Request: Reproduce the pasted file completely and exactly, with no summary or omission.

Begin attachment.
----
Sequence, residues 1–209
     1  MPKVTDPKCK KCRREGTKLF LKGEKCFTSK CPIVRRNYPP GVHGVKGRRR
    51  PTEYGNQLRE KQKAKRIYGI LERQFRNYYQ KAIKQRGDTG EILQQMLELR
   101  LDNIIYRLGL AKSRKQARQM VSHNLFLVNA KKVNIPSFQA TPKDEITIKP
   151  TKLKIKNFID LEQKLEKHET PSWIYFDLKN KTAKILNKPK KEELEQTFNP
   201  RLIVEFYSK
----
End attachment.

Sequence, residues 1–209
     1  MPKVTDPKCK KCRREGTKLF LKGEKCFTSK CPIVRRNYPP GVHGVKGRRR
    51  PTEYGNQLRE KQKAKRIYGI LERQFRNYYQ KAIKQRGDTG EILQQMLELR
   101  LDNIIYRLGL AKSRKQARQM VSHNLFLVNA KKVNIPSFQA TPKDEITIKP
   151  TKLKIKNFID LEQKLEKHET PSWIYFDLKN KTAKILNKPK KEELEQTFNP
   201  RLIVEFYSK